Never has the saying “Trash In, Trash Out” ever been so true than in the coating industry!

Over the last decade I have been in countless meetings discussing powder coated production parts problems. The meetings usually include a purchasing manager, quality control manager, production manager, and me, the guy responsible for the application of the powder coating. They usually ask questions along these lines: “Dallas, what do you think this is and how do we prevent it?” as they point to what appears to be a defect with the powder coating. This article discusses the most common issues and the solutions.

Because every part starts as a design in some program, here are some questions to ask yourself before the part goes into production:

Is there a hole to hang the part by with a metal hook? The powder coating process will require the part to be grounded (a negative) and suspended in air in order to apply the powder. This is usually achieved by a metal hook.

Will the part hold water in the pre-treat process? If you were to hold the part in your shower, would the water run off, or would it build up in corners, areas not welded solid, tubing etc.? This can be an issue as powder coating and water do not mix.

Does the part have any crazy angles? Powder coating is an electrostatic process and any corners 90 % or less can present problems coating the corner. You should also have your powder coating expert look at the drawing to determine if it’s “powder coating friendly” to save you time and money in the long run.

Now that your part is in production, here are key items to look for:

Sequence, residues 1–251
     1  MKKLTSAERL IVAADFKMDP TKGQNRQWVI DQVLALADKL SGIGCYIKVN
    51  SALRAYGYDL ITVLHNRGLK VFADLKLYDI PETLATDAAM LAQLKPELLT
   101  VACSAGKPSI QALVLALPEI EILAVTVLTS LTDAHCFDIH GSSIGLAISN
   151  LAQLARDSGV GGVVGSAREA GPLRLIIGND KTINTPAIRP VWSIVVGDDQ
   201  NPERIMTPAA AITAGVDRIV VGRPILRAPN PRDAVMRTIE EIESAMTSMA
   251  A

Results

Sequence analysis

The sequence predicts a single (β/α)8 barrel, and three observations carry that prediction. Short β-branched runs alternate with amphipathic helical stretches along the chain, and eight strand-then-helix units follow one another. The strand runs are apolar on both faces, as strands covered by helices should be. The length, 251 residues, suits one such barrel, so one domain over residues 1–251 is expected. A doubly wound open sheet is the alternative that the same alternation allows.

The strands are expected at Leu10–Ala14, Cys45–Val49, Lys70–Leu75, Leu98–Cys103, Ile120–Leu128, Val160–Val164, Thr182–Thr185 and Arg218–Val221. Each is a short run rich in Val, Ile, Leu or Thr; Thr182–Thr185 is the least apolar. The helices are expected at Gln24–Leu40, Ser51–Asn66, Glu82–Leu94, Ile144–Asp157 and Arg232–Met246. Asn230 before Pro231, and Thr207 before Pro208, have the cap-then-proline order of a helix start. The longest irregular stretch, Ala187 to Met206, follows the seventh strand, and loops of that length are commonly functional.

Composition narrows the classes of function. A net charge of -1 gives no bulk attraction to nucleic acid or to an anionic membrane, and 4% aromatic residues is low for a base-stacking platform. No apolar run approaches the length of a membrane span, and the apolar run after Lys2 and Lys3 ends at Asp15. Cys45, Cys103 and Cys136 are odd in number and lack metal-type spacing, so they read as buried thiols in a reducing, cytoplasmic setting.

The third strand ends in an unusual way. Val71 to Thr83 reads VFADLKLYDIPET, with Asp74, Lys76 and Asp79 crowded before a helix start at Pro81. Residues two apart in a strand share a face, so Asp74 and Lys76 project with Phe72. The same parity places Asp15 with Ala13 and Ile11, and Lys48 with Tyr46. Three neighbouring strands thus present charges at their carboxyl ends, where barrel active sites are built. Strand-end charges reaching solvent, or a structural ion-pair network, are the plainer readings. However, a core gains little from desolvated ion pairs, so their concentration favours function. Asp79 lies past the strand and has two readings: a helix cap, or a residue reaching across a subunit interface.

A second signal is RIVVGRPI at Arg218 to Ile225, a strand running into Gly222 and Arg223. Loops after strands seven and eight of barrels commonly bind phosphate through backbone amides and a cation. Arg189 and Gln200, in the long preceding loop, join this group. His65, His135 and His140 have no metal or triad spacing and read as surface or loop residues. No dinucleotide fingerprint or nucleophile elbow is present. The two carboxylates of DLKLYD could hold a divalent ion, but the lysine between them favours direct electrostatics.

Is the part rusting or oxidized? This may seem obvious but unless the part is going to be media blasted before powder coating, it is imperative to keep rust or oxidization off the parts. We suggest putting on additional water-soluble oil if you feel the parts might get rusty before coating.

“If you feel it, you will probably see it!” This rule of thumb holds true on weld seams, weld splatter, gashes in the metal, or any raised or lowered surface imperfections.

Does the part have mill scale? Mill scale is a loose coating of oxide which forms on iron or iron products when heated. If this is not removed before coating, it will make for poor adhesion.

“What is on the surface?” Some big “no-no”s are using weld splatter spray, silicone, or sticker glue on the parts since the substance is mostly clear and will not be removed in the pretreatment stage but will bleed through the coating.

Is the part a casting? Cast parts sometimes present a problem in the powder coating process, depending on the quality of the cast. If the cast is of poor quality, the pockets will “out-gas” in the curing cycle, causing pin-sized holes on the surface.

Do you have metal overlapping metal without being welded solid? This is the most common problem that we see. Exposed surfaces are needed to apply powder coating since powder coating will only cover what you can see. This is commonly misunderstood because the process is electrostatic.

By answering these questions before your next powder coating job, you will most certainly ensure quality and save time and money.

By: Dallas Cooley – Vice President of Sales – Georgia Powder Coating INC. –

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